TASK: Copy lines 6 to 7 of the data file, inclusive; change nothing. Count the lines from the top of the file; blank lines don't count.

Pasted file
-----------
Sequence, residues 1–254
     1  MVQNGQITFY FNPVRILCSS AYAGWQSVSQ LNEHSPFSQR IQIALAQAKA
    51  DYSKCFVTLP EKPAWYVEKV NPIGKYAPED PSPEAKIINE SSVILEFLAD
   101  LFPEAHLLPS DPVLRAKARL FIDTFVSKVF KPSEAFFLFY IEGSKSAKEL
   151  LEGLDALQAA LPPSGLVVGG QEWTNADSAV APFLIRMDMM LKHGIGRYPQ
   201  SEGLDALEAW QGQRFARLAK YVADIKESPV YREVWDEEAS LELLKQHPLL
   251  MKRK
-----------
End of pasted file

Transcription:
   201  SEGLDALEAW QGQRFARLAK YVADIKESPV YREVWDEEAS LELLKQHPLL
   251  MKRK